Critic Kate Copstick needs money and is offering to provide feel-good pampering

Kate Copstick at the Mama Biashara shop in Shepherds Bush, London

Kate Copstickdoyenne of British comedy critics, founded and runs the Mama Biashara charity which, in Kenya, gives small grants and advice to impoverished individuals, mostly women, to start self-sustaining small businesses which may help them get out of poverty. The charity’s slogan is A Hand Up, Not a Hand Out.

It survives solely on donations and on money raised at the Mama Biashara shop in Shepherds Bush, London. The shop is also the venue for the free, monthly, open-to-all meetings of the comedy industry’s Grouchy Club.

Mama Biashara, in search of more funds for its charity work, is holding a special event in a fortnight (Saturday 7th April, from 2.00pm). I talked to Copstick about it at the shop.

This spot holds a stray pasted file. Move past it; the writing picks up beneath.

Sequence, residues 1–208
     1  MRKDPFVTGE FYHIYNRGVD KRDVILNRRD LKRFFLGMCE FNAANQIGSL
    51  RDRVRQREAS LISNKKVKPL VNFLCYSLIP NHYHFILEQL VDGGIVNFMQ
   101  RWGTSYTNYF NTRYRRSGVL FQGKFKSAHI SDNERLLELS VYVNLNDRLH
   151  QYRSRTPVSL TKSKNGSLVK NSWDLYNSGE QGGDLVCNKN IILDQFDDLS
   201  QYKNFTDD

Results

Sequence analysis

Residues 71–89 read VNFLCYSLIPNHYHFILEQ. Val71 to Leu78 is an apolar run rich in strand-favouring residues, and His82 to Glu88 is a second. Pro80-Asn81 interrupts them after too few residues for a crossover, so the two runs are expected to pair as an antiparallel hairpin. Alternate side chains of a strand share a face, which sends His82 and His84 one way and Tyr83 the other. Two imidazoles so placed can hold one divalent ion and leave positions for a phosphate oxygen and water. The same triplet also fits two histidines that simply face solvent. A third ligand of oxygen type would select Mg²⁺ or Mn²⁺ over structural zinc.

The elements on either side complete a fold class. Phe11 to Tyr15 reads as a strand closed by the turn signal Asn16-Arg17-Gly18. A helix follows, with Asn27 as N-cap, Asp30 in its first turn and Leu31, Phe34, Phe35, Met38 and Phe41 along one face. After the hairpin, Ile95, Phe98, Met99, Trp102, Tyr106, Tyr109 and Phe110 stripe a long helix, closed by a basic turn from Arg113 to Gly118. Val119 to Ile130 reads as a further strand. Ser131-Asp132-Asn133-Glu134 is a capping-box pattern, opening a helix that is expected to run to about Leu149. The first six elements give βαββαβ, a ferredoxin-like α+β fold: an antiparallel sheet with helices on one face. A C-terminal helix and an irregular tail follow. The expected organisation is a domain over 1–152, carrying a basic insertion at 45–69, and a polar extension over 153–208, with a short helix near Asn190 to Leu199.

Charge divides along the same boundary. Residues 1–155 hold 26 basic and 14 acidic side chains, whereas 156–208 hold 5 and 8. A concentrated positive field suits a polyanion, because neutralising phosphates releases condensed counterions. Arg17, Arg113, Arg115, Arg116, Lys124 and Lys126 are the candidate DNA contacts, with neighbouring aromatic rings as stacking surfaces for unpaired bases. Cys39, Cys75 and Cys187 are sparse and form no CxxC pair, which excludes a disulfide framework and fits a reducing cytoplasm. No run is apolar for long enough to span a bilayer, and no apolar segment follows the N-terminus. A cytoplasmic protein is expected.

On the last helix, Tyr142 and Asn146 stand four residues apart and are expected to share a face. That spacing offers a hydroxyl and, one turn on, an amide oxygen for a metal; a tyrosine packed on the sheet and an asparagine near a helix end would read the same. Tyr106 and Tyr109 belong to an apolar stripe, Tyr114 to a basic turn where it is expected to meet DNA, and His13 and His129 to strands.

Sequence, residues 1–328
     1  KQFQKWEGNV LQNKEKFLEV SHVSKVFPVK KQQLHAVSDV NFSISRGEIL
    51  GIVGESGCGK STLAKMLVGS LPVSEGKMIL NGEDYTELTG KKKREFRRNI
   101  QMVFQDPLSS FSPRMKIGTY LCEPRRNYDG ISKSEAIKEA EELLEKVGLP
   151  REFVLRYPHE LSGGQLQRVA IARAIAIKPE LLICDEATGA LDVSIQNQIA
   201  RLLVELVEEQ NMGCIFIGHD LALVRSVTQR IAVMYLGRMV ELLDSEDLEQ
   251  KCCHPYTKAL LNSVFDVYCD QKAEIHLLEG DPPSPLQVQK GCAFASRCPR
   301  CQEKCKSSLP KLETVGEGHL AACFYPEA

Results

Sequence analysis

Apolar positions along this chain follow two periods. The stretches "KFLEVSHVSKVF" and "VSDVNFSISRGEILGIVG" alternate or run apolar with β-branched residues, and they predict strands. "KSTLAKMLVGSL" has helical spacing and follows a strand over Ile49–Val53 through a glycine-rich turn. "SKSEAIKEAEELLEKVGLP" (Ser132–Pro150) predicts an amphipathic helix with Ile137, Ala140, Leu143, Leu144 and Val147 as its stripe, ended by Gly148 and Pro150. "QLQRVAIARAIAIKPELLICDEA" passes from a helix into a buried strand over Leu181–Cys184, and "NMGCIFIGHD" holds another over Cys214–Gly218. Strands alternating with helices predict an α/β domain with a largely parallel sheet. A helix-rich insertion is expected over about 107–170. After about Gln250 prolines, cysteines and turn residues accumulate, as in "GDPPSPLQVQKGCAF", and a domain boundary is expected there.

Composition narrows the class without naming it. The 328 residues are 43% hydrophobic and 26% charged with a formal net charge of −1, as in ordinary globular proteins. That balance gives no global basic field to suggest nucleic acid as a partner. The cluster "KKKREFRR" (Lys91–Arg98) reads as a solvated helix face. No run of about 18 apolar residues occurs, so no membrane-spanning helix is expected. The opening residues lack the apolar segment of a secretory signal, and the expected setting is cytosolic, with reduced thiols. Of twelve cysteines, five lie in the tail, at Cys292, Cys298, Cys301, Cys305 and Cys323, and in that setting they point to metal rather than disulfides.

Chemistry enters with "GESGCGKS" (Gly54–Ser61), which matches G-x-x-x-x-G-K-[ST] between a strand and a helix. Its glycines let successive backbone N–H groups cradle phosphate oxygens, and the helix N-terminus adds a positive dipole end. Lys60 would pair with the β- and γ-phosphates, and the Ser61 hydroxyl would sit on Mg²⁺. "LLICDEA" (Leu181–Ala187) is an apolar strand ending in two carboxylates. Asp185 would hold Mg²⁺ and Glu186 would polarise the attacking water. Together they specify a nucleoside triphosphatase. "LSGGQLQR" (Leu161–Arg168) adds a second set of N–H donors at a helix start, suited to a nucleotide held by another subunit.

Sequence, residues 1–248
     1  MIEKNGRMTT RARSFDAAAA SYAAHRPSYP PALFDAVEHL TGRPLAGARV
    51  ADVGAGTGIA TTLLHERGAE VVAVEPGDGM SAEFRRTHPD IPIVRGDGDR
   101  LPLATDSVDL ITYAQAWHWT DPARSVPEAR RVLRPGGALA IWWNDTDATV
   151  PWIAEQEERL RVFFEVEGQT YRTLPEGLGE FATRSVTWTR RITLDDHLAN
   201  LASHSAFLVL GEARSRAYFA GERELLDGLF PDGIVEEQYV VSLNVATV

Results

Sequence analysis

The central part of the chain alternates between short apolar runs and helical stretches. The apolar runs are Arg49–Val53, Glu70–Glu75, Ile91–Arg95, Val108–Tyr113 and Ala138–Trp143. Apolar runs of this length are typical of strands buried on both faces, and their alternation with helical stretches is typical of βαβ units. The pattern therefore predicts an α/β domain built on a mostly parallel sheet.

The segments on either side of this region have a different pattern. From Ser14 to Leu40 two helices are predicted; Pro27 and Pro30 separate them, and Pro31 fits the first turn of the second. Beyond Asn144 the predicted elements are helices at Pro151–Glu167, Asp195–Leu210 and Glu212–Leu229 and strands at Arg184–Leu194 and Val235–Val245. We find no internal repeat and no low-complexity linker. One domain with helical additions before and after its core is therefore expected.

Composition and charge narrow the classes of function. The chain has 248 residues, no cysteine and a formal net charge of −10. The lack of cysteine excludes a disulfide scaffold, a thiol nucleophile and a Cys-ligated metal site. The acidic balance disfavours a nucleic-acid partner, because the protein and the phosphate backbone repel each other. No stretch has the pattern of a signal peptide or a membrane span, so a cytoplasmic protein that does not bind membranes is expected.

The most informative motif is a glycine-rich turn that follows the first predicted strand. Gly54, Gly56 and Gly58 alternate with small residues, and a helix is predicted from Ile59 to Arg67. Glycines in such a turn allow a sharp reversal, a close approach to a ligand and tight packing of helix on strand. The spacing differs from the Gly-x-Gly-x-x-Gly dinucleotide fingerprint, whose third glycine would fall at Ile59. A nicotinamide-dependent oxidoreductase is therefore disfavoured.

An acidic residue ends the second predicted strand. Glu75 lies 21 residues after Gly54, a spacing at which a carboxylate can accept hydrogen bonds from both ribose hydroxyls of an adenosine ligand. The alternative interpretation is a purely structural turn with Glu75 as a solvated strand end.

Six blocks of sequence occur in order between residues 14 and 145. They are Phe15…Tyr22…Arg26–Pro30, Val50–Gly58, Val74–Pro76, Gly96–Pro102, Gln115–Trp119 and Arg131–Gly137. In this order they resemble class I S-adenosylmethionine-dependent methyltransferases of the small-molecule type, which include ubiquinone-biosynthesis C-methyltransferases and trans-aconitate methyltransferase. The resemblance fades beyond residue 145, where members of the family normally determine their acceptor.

JOHN: So Mama Biashara’s philosophy is…?

COPSTICK: Well, an awful lot of charities are about infrastructure and about ‘things’ – an office or a school or a this or a that. I have always thought you should invest in people and then people can build the things.

JOHN: And neither you nor the volunteers in London nor the volunteers in Kenya get paid any money from the charity.

COPSTICK: No. They’re volunteers. That’s why I am looking for someone to help build a shed in my back garden in London. I am going to Airbnb my flat and move into a shed in my garden, to try and keep afloat financially.

JOHN: So what’s this Saturday thing in a fortnight?

COPSTICK: You know what it is, for ’twas at the Grouchy Club that this idea was born.

JOHN: What idea would that be?

COPSTICK: To be fair, John, I only have a vague recollection, because quite a lot of Jura had been drunk – a delicious single malt whisky brought to the table by the even more delicious Martha McBrier.

Maybe 75% of the money we spend in Kenya is made here in the Mama Biashara emporium of loveliness in Shepherds Bush. However, of late, the emporium of loveliness has not been attracting as many people as it should.